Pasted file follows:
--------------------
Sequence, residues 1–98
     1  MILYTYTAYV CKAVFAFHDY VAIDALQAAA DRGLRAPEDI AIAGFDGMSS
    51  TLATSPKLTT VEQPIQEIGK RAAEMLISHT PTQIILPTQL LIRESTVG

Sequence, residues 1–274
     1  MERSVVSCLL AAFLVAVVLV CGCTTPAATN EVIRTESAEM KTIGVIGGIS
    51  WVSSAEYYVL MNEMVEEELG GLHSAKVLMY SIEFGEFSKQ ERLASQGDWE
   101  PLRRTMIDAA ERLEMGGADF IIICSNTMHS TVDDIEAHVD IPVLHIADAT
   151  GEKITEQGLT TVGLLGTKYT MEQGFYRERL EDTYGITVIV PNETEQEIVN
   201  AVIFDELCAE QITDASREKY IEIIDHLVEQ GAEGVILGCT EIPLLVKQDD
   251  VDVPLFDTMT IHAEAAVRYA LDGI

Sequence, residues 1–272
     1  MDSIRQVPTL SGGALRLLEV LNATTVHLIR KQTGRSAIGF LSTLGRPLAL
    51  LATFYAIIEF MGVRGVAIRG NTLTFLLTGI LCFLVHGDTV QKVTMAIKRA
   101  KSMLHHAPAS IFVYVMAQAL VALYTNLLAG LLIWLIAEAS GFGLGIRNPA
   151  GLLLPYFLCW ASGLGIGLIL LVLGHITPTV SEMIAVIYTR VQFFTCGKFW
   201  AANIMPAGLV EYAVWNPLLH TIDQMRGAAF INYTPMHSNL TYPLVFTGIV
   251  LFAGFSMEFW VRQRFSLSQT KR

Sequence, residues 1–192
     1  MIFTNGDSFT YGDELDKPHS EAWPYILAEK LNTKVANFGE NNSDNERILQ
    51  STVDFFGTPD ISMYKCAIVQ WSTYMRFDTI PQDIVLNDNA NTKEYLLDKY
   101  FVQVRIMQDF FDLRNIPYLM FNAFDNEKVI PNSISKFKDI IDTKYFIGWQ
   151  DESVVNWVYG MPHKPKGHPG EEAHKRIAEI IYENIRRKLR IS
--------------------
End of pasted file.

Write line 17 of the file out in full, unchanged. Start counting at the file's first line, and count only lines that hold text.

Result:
   251  LFAGFSMEFW VRQRFSLSQT KR